JPR Classics

JPR Classics
7:27 am
Tue January 27, 2015

Fifty Years Of Steve Reich's 'It's Gonna Rain'

Steve Reich, with a phase-shifting pulse gate, photographed in New York in 1969.
Nonesuch

Originally published on Tue January 27, 2015 4:14 pm

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JPR Classics
7:21 am
Tue January 27, 2015

It'd Be No 'Folly' To Remake This Musical Classic

Bob Mondello brought in his own personal copy of the original Follies cast album — intern Patrick Fort added the starburst.
Emily Jan NPR

Originally published on Wed January 28, 2015 5:47 am

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JPR Classics
8:12 am
Mon January 26, 2015

Soundtrack To The Outback: Remembering Peter Sculthorpe

On Australia Day, we salute composer Peter Sculthorpe.
Bridget Elliot Sono Luminus

Originally published on Tue January 27, 2015 6:16 am

They're celebrating Down Under. Today is Australia Day, a holiday marking the arrival of British ships at Sydney Harbour in 1788. A perfect day then to salute something truly Australian, something that speaks of national pride, austere landscapes and even the darker side of Australian history — the music of Peter Sculthorpe, who died last year at age 85.

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JPR Classics
5:24 pm
Sun January 25, 2015

Latin Symphony: How Classical Music Saved Dinorah Marquez's Life

Young members of the Latino Arts: Strings program.
Courtesy of the artist

Originally published on Thu January 22, 2015 9:33 am

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JPR Classics
8:17 am
Wed January 21, 2015

John Luther Adams' Ode To Sundogs

John Luther Adams' new album, The Wind in High Places, evokes austere landscapes and mysterious light.
Kris Serafin

Originally published on Wed January 21, 2015 5:47 am

The day composer John Luther Adams won the 2014 Pulitzer Prize for his symphonic seascape Become Ocean, I tracked him down in Houghton, Mich., in the northernmost reaches of the Upper Peninsula. Over a crackly phone line, Adams — who turns 62 Friday — said he never thought much about a career with a capital C.

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JPR Classics
3:53 pm
Sun January 18, 2015

A 'Down-To-Earth Diva' Confronts Her Flaws And Good Fortune

Deborah Voigt regularly hosts and performs in the Metropolitan Opera's The Met: Live in HD series.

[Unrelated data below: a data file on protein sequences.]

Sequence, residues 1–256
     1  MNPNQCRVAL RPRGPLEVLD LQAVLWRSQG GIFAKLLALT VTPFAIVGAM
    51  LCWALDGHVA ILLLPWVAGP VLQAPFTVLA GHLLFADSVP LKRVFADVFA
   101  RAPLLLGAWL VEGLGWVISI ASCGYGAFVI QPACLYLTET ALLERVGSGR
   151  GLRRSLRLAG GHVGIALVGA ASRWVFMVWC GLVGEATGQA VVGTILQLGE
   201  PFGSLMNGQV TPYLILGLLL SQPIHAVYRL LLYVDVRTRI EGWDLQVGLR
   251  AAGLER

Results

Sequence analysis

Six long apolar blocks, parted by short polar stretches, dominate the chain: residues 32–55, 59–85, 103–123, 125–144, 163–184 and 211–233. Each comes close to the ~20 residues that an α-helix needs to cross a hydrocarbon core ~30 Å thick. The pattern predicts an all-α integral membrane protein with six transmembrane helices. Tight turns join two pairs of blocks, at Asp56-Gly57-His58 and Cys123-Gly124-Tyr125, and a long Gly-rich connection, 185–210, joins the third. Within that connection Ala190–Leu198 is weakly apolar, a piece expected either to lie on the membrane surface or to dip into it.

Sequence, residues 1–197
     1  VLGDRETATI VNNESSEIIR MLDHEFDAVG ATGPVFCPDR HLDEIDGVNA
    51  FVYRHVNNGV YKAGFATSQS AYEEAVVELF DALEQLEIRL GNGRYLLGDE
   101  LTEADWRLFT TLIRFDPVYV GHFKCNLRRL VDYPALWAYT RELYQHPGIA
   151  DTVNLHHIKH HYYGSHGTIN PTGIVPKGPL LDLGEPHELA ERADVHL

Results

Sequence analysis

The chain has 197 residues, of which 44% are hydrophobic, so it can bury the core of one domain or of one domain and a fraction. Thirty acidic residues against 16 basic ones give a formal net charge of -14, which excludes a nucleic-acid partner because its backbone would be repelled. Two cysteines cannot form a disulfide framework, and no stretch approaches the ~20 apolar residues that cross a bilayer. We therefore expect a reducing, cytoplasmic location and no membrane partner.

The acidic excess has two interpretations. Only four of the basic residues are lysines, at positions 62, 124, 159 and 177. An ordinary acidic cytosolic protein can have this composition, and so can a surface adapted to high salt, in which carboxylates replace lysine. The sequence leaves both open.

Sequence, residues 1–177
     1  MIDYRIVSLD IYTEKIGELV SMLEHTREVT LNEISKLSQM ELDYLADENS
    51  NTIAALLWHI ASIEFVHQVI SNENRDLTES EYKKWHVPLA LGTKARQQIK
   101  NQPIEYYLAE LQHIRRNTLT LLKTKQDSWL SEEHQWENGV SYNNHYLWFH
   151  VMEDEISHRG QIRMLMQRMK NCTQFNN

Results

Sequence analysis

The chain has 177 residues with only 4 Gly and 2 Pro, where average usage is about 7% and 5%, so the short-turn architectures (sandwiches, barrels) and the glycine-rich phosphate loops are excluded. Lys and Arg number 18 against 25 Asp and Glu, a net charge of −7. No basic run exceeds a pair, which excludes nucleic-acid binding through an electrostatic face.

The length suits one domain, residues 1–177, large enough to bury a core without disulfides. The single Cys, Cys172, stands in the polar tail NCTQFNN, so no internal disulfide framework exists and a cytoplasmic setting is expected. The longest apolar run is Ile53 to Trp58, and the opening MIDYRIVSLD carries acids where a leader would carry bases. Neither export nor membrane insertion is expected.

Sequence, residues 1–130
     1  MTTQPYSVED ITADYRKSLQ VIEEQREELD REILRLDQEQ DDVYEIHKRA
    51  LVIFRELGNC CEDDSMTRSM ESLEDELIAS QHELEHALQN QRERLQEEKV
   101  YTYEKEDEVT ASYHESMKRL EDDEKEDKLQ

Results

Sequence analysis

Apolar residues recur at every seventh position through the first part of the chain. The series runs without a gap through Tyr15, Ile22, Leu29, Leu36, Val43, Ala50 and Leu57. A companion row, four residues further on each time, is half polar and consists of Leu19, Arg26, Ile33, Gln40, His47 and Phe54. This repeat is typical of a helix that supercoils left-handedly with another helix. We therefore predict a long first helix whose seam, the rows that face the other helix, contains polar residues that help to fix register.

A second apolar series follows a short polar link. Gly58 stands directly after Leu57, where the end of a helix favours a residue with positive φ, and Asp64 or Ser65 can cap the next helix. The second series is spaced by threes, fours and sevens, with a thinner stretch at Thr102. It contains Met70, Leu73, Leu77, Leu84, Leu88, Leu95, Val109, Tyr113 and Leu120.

Heidi Gutman HarperCollinsPublishers

Originally published on Sat January 17, 2015 8:57 am

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JPR Classics
8:04 am
Fri January 16, 2015

What We Love And Hate About 'Mozart In The Jungle'

Gael García Bernal (right), Bernadette Peters and Malcolm McDowell star in the classical music comedy series Mozart in the Jungle.
Nicole Rivelli Amazon Studios

Originally published on Thu January 15, 2015 12:41 pm

Pill popping, pot smoking, back-stabbing, bed hopping and tantrum throwing — now we're talking classical music! At least that's what the new Amazon series Mozart in the Jungle would have us believe is all in a day's work for orchestra musicians. The 10-part series is based on a tell-all book of the same name published a decade ago by oboist Blair Tindall.

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JPR Classics
11:58 am
Thu January 15, 2015

In New Concert Hall, Paris Orchestra Honors Last Week's Terror Victims

Originally published on Thu January 15, 2015 5:07 am

Copyright 2015 NPR. To see more, visit http://www.npr.org/.

Transcript

DAVID GREENE, HOST:

And, Renee, there is one change that has come to the neighborhood you were just talking about.

(SOUNDBITE OF GABRIEL FAURE SONG, "THE REQUIEM")

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JPR Classics
1:16 pm
Tue January 13, 2015

DJ Sessions: From Traditional To Virtual Choirs

Eric Whitacre's Virtual Choir ‘Lux Aurumque’ was launched in March 2010 and featured online performances by 185 singers. (Screenshot via Eric Whitacre's Virtual Choir)

For this edition of the Here & Now DJ Sessions, Steve Staruch, a host at Classical Minnesota Public Radio, joins Jeremy Hobson to survey a range of choral music.

Staruch takes us through older classics — including one from the late Swiss composer Frank Martin — to the virtual choir created by Eric Whitacre.

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JPR Classics
7:56 am
Fri January 9, 2015

Swan Songs: Classical Musicians We Lost In 2014

Conductor Claudio Abbado was one of the many great classical musicians we bid farewell to in 2014.
Getty Images

Originally published on Fri January 9, 2015 5:35 am

Farewells are never easy, especially when you're saying goodbye to a favorite musician. From conductors and composers to pianists, singers and critics, the classical music world lost many masterful musicians in 2014.

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JPR Classics
6:44 am
Wed January 7, 2015

Marian Anderson's Groundbreaking Met Opera Moment

Contralto Marian Anderson in the role of Ulrica from a Metropolitan Opera production of Verdi's Un ballo en maschera in 1955. Anderson was the first African-American soloist to appear at the Met.
Sedge LeBlang Metropolitan Opera Archives

Originally published on Wed January 7, 2015 9:35 am

It was conductor Arturo Toscanini who said a voice like Marian Anderson's comes around only once in a century.

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JPR Classics